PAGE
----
i. Gail Model: Calculates risk of getting breast cancer in the next 5 years and lifetime risk. Seven risk factors: History of LCIS or DCIS, age, menarche age, age of first birth, number of first degree relatives with breast cancer, history of breast biopsy, and race/ethnicity.

Falsely increased in women who have had multiple biopsies and less useful for those with second degree contacts. This tool, unlike reality, uses family history as the leading risk factor (recall that age is the leading risk factor).


What is a "poor" outcome with the Gail model and what can we do with it?

1. Women at "high risk" (1.7%+ chance in 5 years) referred for prophylactic therapy via SERMs (Tamoxifen, Raloxifene) and prophylactic mastectomy


Commonality and behavior of invasive ductal vs invasive lobular

ii. 70-80% are invasive ductal. Cannot lead to lobular. Unilateral, unicentric and only the ipsilateral breast.
iii. 5-15% are invasive lobular, multifocal and bilateral, can spread to become ductal and/or more lobular.


To define as a cancer as stage 1 or 2, what are the limits?

Up to 5cm

0-3 nodes involved



Stage 3 of breast cancer

Locally advanced.

Basically any number of local nodes affected without metastasis, size can be larger than 5cm.


Stage 4 of breast cancer

Distant metastasis


Surgery options for breast cancer

i. Surgery: Lumpectomy with radiation, mastectomy, modified radical mastectomy (axillary nodes) and don't forget SLNBx. Tissue expanders and reconstructive therapy great for image.


Adjuvant medical therapy for breast cancer

1. Adjuvant systemic therapy for all breast cancer regardless of LN status. Chemo to kill cells and tamoxifen to prevent estrogen acting to cause more cancer (ER+) and for 5 years post-op.


Talk about aromatase inhibitors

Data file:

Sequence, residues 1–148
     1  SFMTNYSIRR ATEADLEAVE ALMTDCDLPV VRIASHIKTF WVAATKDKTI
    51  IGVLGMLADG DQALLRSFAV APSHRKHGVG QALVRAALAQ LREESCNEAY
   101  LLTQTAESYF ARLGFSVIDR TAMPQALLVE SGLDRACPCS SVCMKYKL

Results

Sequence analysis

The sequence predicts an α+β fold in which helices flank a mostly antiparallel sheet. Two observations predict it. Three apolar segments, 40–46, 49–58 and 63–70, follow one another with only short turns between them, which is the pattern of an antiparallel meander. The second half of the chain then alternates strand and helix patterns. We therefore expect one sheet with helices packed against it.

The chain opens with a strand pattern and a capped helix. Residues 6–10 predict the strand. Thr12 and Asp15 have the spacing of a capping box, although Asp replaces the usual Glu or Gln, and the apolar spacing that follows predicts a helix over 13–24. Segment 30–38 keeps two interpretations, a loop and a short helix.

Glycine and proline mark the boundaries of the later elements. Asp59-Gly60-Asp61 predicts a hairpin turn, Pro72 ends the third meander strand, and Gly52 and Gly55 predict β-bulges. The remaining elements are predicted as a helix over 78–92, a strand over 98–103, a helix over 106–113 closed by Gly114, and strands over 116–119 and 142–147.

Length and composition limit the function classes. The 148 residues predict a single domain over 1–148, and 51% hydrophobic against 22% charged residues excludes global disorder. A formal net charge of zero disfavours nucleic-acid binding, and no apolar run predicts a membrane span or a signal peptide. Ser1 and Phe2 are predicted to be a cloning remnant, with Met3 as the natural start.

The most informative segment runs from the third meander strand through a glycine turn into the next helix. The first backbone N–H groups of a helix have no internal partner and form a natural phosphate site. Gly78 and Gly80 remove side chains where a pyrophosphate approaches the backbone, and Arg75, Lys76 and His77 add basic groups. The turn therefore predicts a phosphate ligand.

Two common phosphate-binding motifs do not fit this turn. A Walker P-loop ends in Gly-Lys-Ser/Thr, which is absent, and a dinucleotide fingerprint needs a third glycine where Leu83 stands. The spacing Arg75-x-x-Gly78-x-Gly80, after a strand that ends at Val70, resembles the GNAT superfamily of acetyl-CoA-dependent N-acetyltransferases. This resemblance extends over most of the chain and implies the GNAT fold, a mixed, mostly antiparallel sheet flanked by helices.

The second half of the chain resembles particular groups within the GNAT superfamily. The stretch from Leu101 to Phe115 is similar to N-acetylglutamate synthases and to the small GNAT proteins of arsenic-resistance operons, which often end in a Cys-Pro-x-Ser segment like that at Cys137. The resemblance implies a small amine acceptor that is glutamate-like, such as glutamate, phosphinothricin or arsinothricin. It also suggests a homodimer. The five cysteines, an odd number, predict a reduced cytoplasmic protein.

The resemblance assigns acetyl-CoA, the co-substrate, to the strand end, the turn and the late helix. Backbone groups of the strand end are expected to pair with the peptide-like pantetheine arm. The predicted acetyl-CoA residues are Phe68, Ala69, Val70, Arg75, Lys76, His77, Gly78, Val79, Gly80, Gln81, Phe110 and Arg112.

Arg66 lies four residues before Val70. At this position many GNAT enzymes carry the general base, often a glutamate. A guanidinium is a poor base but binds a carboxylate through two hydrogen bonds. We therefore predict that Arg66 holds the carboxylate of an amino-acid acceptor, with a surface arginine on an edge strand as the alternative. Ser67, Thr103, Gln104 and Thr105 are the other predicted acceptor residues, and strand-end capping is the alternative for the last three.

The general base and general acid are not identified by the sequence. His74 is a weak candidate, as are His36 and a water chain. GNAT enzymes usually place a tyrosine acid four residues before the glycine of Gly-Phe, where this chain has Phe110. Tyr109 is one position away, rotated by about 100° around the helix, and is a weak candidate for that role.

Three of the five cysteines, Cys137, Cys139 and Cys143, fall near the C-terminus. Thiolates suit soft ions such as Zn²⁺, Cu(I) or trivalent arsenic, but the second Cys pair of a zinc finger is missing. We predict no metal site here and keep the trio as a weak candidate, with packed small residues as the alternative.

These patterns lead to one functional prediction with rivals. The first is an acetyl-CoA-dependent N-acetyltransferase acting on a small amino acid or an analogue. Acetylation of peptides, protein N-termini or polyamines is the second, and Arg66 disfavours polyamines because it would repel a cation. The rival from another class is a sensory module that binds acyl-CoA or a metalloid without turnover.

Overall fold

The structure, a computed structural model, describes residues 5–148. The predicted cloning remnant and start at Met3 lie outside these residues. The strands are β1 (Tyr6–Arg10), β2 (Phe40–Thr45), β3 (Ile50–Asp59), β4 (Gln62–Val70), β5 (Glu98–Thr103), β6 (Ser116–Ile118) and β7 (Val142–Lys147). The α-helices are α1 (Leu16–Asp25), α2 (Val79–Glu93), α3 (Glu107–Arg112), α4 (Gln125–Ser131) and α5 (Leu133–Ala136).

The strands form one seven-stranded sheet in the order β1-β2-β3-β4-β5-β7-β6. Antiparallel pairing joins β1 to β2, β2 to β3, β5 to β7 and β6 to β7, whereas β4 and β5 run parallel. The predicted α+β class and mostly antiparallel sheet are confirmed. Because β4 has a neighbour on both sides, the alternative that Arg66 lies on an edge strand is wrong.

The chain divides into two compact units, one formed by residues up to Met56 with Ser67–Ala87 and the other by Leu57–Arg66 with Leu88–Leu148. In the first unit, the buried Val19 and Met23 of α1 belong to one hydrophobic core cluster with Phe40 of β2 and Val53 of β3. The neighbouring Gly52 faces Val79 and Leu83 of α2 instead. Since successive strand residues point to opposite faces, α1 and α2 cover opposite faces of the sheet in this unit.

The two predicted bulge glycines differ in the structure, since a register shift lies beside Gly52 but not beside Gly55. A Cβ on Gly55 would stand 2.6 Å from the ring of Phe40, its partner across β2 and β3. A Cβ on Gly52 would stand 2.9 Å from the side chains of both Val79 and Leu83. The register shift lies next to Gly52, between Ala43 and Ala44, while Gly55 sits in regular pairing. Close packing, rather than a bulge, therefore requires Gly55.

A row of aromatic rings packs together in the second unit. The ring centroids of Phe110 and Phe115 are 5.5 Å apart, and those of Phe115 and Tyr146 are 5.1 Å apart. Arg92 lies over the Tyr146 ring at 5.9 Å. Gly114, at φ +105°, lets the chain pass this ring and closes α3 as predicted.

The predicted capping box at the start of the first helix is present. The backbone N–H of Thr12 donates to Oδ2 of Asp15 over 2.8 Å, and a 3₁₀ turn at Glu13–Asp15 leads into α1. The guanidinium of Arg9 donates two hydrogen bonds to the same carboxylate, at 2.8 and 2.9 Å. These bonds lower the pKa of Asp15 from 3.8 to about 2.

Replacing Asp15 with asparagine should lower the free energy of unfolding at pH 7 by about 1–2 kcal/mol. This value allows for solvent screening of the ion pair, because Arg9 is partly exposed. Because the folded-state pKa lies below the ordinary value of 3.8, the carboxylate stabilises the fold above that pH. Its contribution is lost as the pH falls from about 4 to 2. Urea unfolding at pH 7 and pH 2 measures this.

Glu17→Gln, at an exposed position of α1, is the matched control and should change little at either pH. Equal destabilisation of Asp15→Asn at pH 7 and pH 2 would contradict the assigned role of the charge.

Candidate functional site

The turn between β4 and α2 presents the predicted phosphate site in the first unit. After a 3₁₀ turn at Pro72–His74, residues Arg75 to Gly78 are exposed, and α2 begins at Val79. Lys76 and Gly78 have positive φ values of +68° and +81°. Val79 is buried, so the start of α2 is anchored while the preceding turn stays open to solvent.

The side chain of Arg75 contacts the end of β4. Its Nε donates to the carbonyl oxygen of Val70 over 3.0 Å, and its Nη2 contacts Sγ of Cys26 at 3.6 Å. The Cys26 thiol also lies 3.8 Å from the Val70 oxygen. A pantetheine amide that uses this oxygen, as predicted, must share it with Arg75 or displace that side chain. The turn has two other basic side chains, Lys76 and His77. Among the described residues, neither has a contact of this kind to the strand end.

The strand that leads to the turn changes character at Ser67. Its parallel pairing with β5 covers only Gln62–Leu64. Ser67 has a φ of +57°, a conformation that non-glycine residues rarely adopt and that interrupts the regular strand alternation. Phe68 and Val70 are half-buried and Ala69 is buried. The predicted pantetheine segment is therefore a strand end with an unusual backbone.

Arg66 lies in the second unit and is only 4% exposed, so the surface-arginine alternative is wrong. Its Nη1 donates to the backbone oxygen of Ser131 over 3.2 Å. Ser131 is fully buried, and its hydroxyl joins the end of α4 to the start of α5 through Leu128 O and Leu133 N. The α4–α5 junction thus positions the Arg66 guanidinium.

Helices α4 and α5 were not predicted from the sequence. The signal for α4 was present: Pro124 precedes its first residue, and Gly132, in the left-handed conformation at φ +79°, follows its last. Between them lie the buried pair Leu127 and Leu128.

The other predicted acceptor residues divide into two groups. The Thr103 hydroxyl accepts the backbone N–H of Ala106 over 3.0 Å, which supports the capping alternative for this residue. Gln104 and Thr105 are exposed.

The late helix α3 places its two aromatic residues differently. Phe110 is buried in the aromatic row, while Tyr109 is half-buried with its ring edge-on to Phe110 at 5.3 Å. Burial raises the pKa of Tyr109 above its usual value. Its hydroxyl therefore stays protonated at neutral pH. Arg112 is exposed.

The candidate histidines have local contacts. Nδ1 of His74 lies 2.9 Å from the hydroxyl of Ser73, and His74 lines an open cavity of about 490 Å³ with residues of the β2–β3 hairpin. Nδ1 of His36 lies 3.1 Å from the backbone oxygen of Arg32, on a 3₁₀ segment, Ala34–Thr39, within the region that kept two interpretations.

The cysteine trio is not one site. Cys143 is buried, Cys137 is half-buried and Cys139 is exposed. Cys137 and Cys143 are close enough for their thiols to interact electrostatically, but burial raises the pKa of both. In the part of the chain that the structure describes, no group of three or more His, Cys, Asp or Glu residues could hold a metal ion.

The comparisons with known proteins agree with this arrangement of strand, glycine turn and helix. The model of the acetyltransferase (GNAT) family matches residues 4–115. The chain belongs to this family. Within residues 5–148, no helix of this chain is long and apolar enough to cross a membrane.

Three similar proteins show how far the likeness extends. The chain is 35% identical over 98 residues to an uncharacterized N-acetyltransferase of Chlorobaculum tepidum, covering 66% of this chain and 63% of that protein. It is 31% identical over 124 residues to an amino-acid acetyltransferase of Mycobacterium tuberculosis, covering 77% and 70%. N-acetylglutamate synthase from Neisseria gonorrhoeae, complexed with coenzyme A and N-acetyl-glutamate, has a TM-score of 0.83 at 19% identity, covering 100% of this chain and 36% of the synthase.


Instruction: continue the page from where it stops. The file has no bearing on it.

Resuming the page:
Aromatase inhibitors - Prevent production of estrogen in women. Extend survival in metastatic women and act as primary adjuvant therapy, in conjunction with tamoxifen to reduce recurrence rate


When do we use Trastuzumab?

Trastuzumab against Her2/neu. SE: Heart failure, respiratory problems, life threatening allergic reactions


How do we follow women after treatment for breast cancer

Every 3-6 months for first 2 years. Annually after that. Most re-occurrences occur within first 5 years


Breast cancer screening review

Screening: Breast self-awareness in low risk patients and breast self exams in high risk.

CBEs every 1-3 years from 20-39, annually thereafter. Mammography annually after 40, or 50 with your decision from 40-50. Nothing after 75.

If Genetic issues, monthly BSEs from 18-20, annual CBEs, screening mammograms after 25 or 5-10 years before the age of diagnosis of affected relative.


How do we treat stage 0 cancer?

BCT or mastectomy. No adjuvant therapy needed unless using radiation with BCT


How do we treat stage 1 cancer?

BCT or mastectomy. Chemotherapy if >2cm, consider tamoxifen. Consider SLnBx.


How do we treat stage 2 cancer?

Modified radical or BCT with axillary LN dissection if indicated. Chemo if greater than 1 cm, again consider tamoxifen as well. Radiation of supraclavicular nodes, consider chest wall, if mastectomy performed and/or 4+ affected LNs


Stage 3 treatment

Same as Stage 2 as far as surgery. If inflammatory breast cancer, radiation to breast.


Stage 4 treatment

Surgery for local control, chemotherapy, consider hormones